helping children cope with the loss of a family pet

Pets are family — these four-legged loved ones provide their families with comfort, spirit, unconditional love, laughter and companionship. Death is just as real as love and laughter though and explaining to your child that their beloved companion and family member has died can feel impossible.


Use the following tips as guidance for telling your child about their pet’s death:

Be Honest

To break the news to your child, tell them that their pet has gone to heaven, or your word for the afterlife. Although we won’t see him or her here on Earth again, we will see them again one day. If your family has experienced a loved one who’s passed on, such as a beloved grandmother, tell your child that their pet is now up in heaven keeping grandma company. What you tell your child depends on your own religious beliefs, and you decide what “truths” you provide to help them handle the loss of their pet. Avoid telling kids a story such as the pet ran away. This is confusing and kids will only be disappointed since their pet never returns home. The truth isn’t always pleasant, but it’s the best way to tell your child about their pet’s death.

Memorialize the Pet’s Passing

Create a day of memory in honor of your pet. September 8th is the National Pet Memorial Day, so it’s a great day to choose, but you can also choose a date that is special just to you and your family. Annually honor the pet on the day of its birth or death. On this day of remembrance, the whole family can go to the site of the pet’s burial and leave handwritten notes while sharing fond memories of the animal. To make a real event of it, procure a flower delivery by FTD to adorn the pet’s grave.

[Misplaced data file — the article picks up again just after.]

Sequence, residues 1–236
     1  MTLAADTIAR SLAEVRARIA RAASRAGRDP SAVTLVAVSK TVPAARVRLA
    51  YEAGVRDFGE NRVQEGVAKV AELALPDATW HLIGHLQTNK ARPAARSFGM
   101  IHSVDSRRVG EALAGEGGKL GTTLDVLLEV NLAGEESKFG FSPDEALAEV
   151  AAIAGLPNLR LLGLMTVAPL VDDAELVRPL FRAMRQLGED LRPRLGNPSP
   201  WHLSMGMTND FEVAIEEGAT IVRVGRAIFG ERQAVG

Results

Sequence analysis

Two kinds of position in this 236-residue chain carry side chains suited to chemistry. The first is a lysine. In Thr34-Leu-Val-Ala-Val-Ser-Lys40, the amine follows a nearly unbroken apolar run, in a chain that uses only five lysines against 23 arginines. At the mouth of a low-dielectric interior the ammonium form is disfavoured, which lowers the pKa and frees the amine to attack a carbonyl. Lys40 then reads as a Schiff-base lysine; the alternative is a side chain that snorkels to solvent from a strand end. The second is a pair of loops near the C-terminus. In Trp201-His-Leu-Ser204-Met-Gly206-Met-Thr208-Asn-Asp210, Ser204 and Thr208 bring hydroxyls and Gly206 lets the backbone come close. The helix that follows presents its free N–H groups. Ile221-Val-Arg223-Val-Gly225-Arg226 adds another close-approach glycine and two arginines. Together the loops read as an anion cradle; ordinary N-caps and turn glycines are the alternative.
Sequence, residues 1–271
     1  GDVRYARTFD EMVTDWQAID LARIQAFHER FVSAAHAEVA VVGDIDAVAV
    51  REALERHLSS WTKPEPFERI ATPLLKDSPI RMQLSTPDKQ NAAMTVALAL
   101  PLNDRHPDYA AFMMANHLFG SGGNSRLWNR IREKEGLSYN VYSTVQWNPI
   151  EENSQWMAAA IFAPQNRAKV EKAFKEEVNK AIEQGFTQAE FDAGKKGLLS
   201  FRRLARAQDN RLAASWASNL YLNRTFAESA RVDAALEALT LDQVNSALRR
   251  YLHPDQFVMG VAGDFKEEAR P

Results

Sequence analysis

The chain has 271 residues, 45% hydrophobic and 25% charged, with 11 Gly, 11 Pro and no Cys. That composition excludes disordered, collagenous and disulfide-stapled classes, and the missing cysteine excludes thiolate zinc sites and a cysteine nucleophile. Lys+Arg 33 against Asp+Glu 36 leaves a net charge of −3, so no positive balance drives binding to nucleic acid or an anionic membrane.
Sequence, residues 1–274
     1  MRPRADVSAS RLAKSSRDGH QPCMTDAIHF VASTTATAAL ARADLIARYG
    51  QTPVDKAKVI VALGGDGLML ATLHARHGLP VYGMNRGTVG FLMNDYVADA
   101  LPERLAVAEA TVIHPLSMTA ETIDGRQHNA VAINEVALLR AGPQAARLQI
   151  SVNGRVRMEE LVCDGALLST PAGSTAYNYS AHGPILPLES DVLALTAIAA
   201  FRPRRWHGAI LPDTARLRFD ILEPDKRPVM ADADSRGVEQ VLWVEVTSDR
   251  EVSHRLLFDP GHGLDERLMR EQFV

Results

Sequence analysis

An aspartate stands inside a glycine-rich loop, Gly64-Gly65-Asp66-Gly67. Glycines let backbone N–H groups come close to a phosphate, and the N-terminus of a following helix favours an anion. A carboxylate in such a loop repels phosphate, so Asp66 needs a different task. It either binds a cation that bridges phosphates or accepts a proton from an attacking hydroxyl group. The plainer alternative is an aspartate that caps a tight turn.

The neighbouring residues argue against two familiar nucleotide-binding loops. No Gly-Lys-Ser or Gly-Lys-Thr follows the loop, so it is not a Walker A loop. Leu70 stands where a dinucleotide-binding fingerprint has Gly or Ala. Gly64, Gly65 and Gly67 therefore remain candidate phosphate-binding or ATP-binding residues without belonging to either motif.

Give Gifts

Holding onto something tangible can help children with the grieving process, especially if the animal they are mourning slept in their bed or spent a good bit of time in their laps. Replace that loss of comfort by buying a stuffed animal your child can hold onto when they are feeling sad. It doesn’t have to look like their late pet or even be the same kind of animal. A soft and easy-to-hug stuffed pal can provide that comfort and friendship.

Help Children Express Feelings

Releasing emotions and expressing feelings is a healthy part of the grieving process. Ask your child to write a story or draw a picture that includes their departed pet. Encourage them to share their feelings by asking them to describe the story or picture. Remind them that they are loved, they can express their feelings at anytime without being judged, and being sad is OK.

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